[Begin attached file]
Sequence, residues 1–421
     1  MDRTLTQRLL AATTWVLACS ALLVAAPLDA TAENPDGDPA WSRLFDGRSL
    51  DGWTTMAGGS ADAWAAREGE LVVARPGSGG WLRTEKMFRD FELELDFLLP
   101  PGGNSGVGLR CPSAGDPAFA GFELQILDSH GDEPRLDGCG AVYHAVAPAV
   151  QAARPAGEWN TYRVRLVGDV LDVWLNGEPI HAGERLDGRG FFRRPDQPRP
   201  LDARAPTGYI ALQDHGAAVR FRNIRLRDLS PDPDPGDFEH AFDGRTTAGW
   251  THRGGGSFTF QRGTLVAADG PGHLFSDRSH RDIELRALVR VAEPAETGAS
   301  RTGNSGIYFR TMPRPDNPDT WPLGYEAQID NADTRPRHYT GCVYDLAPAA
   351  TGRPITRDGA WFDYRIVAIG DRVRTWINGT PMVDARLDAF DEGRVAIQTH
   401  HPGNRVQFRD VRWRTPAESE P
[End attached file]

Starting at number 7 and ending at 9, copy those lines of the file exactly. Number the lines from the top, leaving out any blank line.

   251  THRGGGSFTF QRGTLVAADG PGHLFSDRSH RDIELRALVR VAEPAETGAS
   301  RTGNSGIYFR TMPRPDNPDT WPLGYEAQID NADTRPRHYT GCVYDLAPAA
   351  TGRPITRDGA WFDYRIVAIG DRVRTWINGT PMVDARLDAF DEGRVAIQTH